Click here or on the image above to watch Senator Capito’s questions.

WASHINGTON, D.C. — Last week, U.S. Senator Shelley Moore Capito (R-W.Va.), a member of the Senate Commerce, Science, and Transportation Committee, participated in a hearing titled “Spectrum and National Security,” which focused on creating a coordinated and comprehensive approach to internet connectivity that will help the U.S. lead in cybersecurity and counter any potential digital foreign threats.

During the hearing, Senator Capito questioned several witnesses, including Dr. Monisha Ghosh, professor of engineering at the University of Notre Dame, Executive Director of Wi-Fi Forward, Mary Brown, and Executive Director of the Open RAN Policy Coalition, Diane Rinaldo, on different connectivity technologies, addressing connectivity in rural areas, and ensuring reliable 911 coverage across West Virginia.



SEN. CAPITO: “If a regular citizen is sitting here listening about: ‘we're going to auction spectrum,’ what does that mean to them?”

DIANE RINALDO: “No, it's absolutely— and it’s incumbent upon us to articulate how we can get more coverage out to our rural communities, and that's a big part of this as well and exactly where the spectrum bands are coming into play, and then the carriers are able to build out in your- in your area.”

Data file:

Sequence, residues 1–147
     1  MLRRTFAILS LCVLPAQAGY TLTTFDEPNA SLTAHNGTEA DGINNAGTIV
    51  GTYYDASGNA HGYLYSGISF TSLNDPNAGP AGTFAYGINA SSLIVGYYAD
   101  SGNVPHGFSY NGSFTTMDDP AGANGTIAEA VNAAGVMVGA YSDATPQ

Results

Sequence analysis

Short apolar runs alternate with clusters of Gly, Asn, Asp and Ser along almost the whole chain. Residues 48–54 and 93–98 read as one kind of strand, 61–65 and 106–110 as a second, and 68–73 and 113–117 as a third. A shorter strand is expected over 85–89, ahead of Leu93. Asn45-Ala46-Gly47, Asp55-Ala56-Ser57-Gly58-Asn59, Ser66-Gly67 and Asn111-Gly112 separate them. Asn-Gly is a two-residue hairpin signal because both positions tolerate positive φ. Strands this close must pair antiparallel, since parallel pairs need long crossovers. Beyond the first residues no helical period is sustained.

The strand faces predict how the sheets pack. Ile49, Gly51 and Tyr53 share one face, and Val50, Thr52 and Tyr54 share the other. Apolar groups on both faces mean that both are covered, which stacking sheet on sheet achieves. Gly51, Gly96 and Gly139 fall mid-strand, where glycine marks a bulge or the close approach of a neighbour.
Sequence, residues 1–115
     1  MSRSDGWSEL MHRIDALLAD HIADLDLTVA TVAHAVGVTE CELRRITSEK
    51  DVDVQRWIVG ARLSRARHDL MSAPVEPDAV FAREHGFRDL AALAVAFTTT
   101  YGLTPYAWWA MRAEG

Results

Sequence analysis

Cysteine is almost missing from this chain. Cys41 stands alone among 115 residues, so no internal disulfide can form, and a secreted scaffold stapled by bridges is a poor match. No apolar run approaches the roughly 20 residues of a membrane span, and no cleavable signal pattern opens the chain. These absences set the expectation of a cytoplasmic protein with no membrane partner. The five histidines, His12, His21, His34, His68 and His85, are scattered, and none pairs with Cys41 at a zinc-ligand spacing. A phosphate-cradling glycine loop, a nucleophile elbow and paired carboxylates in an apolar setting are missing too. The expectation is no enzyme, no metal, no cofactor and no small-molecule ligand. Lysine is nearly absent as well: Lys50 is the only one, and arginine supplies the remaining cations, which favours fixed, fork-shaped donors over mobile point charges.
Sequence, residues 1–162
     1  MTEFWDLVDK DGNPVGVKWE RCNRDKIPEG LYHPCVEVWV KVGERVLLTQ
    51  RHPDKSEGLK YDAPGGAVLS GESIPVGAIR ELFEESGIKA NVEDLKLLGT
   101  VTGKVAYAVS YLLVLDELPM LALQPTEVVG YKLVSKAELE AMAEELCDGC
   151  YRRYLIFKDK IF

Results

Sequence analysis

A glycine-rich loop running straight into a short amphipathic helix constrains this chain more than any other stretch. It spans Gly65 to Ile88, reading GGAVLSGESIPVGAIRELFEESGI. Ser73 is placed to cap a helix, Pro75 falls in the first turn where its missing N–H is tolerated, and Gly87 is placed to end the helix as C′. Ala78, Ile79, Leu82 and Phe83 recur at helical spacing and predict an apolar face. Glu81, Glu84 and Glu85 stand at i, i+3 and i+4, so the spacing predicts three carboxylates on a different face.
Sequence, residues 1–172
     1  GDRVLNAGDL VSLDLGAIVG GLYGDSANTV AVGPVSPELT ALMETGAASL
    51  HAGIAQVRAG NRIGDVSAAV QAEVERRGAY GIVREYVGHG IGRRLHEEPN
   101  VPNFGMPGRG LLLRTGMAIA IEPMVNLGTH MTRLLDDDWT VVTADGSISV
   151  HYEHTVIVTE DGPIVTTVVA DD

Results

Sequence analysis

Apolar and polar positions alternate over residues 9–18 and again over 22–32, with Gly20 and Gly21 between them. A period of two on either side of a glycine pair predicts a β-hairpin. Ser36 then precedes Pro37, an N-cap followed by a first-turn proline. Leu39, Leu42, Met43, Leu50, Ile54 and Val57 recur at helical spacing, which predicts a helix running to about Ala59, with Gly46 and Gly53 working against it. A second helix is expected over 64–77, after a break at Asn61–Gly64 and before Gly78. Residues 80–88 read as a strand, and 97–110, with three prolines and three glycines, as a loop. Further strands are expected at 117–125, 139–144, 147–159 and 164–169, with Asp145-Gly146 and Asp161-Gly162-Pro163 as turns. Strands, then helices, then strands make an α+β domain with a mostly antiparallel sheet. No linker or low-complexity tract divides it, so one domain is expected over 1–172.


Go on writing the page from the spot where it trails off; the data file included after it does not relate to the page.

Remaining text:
SEN. CAPITO: “The national radio quiet zone is in West Virginia. And we have half of that, but it restricts transmissions to allow for— so that it will allow for advanced scientific research and other sensitive technology operates without interference in a very remote part of our state. But where we're running into problems here, it also conflicts with the 911 service and the ability to deliver service. So, when you have a conflict like that, how in those sensitive areas can we continue to work so that you can you do the innovation that you need to do in the quiet zone area, but you can still serve our citizens on the 911? Does anybody have an answer for that?”

MARY BROWN: “That is a difficult question when you have quiet zones and that requires a lot of technical analysis to look at ‘are there wireless signals that could be propagated at low power, at a low level in order to deliver the 911 technology that you need, while not interfering with the radio astronomy.’ Radio astronomy also has a number of bands available to it and it may be that you have to ascertain which of those bands is going to be best if you are concerned about having 911 connectivity at that facility. It’s an engineering problem, yes.”

SEN. CAPITO: “Well, I mean, I'm thinking about the folks out in Pocahontas County where this is located. They're going to need some technical expertise. Obviously, the state can help, but this has been a chronic issue out there.”


SEN. CAPITO: “I'm from West Virginia, we need more connectivity. But to close the digital divide, I've been technology neutral because we have a lot of mountains. Not every technology works in our state. And fixed wireless has shown some promise. So how do you see the role of fixed wireless after future auctions playing out in the rural areas?”

DR. GHOSH: “I think the rural connectivity is about more than just spectrum. It's about having deployments. So, you can have all the spectrum in the world, but if base stations are not deployed, you’re not going to get coverage… So, I think we have to be more creative and getting rural and isolated communities connected.

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